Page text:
Silver, gold ,gems or cash?greenspun.com : LUSENET : TimeBomb 2000 (Y2000) : One Thread
What would you recommend for money this coming year? I've heard that gold, silver or gems (for large transactions) are desirable... Also, what about bartering - could skills also be used for a trades (i.e. butchering or canning)?
-- Deb (firstname.lastname@example.org), October 24, 1999
I'm far from expert, but I'd caution a guess that unless the world system as we know it collapses (which seems unlikely), paper money will still retain some or all of its value. Given its familiarity, it may well continue as a medium of exchange even in the face of unforeseen financial problems. Additionally, assuming there is a government sufficiently intact to collect taxes, such entity may require payment in such fashion - I refer you to the Whiskey Rebellion of the late 1700's, which was put down by the then-new United States government. There was insufficient coinage in circulation at that time, and the taxing authorities refused to accept farm animals, grains or other commodities as payment. Interesting reading, and it may bear heavily on modern issues in days to come.
In any event, gemstones are best avoided. Their price is controlled (or should I say inflated) by a relatively small group, and the historic record indicates that precious metals are much more readily accepted as a medium of exchange.
Providing a service to others that they are incapable of performing for themselves is, in normal times, a fairly sure and safe course. However, the sad fact is that those with whom you are bartering must have something that you need (food, etc.) that they can exchange for either your money or efforts. In a worst-case situation, they may be bereft of all barterable commodities.
-- PKM (.@...), October 24, 1999.
Everything but gems.
-- dave (email@example.com), October 24, 1999.
I'm thinking cash is king, with coffee and cigs a close second.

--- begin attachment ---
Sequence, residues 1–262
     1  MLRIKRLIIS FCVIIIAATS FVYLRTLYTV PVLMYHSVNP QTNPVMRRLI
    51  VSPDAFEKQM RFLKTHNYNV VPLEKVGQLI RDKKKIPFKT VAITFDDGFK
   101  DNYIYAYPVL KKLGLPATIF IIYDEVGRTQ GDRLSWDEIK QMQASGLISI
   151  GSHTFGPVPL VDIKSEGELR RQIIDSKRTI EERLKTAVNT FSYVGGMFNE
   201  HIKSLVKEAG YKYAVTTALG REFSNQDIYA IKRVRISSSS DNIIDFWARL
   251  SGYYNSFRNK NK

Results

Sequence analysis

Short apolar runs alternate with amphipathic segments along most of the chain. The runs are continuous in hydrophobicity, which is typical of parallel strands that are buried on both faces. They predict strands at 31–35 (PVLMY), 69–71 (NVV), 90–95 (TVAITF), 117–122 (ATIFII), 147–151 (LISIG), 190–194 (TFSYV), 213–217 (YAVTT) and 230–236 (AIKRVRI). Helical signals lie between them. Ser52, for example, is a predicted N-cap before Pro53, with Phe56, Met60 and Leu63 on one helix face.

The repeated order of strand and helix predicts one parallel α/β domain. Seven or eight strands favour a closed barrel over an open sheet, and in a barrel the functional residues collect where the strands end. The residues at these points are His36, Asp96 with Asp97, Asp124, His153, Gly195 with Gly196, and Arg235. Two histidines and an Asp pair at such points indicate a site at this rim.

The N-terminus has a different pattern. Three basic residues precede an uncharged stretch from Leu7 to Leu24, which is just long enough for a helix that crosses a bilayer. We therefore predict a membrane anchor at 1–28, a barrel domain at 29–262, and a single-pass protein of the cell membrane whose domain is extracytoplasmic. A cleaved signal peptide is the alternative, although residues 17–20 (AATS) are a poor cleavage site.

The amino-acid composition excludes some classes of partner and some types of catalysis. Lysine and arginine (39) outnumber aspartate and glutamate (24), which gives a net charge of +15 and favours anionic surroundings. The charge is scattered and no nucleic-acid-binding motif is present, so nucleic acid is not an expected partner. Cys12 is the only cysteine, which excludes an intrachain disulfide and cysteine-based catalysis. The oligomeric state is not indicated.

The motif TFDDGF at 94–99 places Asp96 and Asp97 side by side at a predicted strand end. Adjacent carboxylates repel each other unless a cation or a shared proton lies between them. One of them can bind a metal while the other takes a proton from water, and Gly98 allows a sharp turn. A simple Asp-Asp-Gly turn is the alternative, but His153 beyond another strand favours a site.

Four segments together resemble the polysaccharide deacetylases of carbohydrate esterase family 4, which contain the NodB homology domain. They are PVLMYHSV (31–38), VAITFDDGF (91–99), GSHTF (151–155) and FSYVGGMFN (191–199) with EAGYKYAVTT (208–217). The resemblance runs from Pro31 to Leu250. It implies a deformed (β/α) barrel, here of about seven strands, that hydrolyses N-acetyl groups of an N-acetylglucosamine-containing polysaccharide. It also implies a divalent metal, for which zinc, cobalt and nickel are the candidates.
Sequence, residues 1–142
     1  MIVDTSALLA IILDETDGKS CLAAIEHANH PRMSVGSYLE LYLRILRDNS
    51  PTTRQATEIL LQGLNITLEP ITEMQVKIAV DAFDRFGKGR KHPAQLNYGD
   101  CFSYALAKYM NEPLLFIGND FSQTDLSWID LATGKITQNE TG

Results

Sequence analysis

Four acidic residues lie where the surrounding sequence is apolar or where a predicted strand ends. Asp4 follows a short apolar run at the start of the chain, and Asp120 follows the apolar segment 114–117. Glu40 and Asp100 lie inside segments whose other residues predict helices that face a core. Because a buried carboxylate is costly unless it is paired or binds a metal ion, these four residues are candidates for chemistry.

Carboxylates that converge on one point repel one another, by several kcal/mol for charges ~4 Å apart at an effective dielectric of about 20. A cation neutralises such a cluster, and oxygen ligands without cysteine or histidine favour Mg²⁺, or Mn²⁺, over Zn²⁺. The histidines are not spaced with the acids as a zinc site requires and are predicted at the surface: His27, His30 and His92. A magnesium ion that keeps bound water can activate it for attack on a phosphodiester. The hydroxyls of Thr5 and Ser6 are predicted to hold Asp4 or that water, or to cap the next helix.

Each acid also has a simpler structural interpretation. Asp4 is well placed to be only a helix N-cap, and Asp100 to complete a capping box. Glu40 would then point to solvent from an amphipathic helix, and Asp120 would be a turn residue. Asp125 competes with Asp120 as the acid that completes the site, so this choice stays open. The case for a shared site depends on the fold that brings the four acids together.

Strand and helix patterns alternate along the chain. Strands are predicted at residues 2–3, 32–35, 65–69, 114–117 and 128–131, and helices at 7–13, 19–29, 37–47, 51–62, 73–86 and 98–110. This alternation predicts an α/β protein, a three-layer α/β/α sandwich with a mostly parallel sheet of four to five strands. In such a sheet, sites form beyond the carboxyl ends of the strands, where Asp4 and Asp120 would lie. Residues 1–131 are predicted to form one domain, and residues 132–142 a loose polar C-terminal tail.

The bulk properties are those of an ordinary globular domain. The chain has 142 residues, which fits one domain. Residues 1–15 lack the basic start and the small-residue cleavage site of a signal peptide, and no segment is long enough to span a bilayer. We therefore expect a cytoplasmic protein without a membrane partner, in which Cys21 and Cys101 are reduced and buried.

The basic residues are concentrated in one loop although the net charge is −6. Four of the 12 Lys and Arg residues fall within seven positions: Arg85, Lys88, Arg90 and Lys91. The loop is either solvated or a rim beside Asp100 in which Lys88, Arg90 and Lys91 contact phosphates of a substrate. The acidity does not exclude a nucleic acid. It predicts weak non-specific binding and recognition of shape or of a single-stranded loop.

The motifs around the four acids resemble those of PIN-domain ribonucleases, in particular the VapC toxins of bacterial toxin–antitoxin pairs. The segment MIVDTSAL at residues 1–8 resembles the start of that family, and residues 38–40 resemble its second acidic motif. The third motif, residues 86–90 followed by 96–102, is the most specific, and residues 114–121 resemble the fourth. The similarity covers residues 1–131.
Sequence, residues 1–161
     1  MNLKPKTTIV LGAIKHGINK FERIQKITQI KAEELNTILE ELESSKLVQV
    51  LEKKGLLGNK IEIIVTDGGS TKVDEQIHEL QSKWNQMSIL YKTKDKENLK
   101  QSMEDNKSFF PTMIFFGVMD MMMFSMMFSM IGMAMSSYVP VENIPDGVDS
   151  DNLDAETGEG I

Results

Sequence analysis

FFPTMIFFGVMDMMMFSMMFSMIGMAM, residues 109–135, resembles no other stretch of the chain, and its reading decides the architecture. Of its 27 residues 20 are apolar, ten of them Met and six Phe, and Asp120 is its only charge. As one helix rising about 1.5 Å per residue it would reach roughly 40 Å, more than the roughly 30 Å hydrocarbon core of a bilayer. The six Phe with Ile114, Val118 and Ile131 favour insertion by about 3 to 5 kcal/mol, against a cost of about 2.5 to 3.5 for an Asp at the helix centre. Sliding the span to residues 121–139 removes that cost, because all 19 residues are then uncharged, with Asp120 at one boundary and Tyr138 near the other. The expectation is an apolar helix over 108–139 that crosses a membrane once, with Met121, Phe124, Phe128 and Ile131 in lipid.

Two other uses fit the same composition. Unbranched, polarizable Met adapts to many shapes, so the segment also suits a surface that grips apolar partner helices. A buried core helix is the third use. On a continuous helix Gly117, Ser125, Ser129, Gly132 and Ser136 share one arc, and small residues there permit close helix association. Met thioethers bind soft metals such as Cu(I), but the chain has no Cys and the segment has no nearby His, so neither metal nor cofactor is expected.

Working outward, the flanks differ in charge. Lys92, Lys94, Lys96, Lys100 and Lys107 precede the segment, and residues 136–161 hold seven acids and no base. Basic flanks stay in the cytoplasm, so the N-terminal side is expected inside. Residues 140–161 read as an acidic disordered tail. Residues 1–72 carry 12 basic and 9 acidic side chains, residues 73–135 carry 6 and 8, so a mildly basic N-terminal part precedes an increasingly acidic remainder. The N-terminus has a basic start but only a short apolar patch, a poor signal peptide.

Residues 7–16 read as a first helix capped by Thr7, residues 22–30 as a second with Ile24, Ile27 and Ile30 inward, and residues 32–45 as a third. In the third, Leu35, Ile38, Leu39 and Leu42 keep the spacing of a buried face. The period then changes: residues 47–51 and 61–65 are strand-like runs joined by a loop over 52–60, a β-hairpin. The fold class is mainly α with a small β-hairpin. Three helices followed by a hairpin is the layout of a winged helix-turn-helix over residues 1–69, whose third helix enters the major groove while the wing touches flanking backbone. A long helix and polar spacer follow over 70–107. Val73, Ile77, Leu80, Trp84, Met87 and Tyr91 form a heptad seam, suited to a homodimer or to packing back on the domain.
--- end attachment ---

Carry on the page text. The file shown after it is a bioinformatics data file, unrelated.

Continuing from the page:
-- semper paratus (firstname.lastname@example.org), October 24, 1999.
For women, TP is #1. Also valued amongst men, I'm told.
-- Leslie (***@***.net), October 24, 1999.
If the domestic banking system keeps working fairly well, even checks and credit cards. If not, cash.
Anything else, including silver and gold, reduces to barter, with it limitations. If we are reduced to barter, 1. we are in really big trouble; 2. little units are useful, such as TP, sugar, salt, any foods, candy, coffee, tobacco, liquor, spices, etc.
-- Jerry B (email@example.com), October 24, 1999.
Since TP is so bulky, I propose dehydrated TP. Just add water to use.
-- A (A@AisA.com), October 25, 1999.
A, Unc sees your TP and ups it by a sixpack.
-- T the C (T_C@hm.com), October 25, 1999.
just do what the Arabs do - use your "dung hand"... :)
-- Andy (2000EOD@prodigy.net), October 25, 1999.
I would accumulate in the following sequence until you reach the amount you have allocated for physical money:
1) $1000 in small bills (< $20) and change
2) $2000 in $20s
3) $3000 in $100s
4) $1000 face value 90% silver coins ($.10, $.25, $.50)- cost ~$6000
5) 5oz 1/10 oz gold eagles- ~$2000
5) 20 1 oz gold eagles- ~$6000
6) $5000 in 20s
7) $10000 in $100s
8) 10 100 oz silver bar ~$5000
9) 10 10 oz gold bar ~$30000
10) $100000 in 100s
11) 10 100 oz gold bar ~$300000
12) $500000 in 100s
13) put the rest in 1 carat D flawless diamonds
-- spartakles (firstname.lastname@example.org), October 26, 1999.